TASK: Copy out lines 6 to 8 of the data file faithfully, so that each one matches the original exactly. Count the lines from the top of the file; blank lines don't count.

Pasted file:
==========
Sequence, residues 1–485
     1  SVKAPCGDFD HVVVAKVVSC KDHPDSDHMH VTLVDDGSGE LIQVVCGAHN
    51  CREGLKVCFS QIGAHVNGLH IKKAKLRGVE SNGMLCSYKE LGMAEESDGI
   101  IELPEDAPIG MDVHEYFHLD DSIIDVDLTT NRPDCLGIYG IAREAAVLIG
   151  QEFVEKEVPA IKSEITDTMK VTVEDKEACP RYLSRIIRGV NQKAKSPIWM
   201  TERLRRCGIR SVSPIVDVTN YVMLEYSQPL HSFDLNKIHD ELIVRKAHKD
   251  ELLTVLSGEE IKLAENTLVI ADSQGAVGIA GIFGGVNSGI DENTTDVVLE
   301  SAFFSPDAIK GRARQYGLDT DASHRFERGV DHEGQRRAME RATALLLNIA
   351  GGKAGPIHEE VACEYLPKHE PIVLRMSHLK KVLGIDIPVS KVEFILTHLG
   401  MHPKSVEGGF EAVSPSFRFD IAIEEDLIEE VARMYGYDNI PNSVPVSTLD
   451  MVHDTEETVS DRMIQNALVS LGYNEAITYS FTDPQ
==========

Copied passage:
   201  TERLRRCGIR SVSPIVDVTN YVMLEYSQPL HSFDLNKIHD ELIVRKAHKD
   251  ELLTVLSGEE IKLAENTLVI ADSQGAVGIA GIFGGVNSGI DENTTDVVLE
   301  SAFFSPDAIK GRARQYGLDT DASHRFERGV DHEGQRRAME RATALLLNIA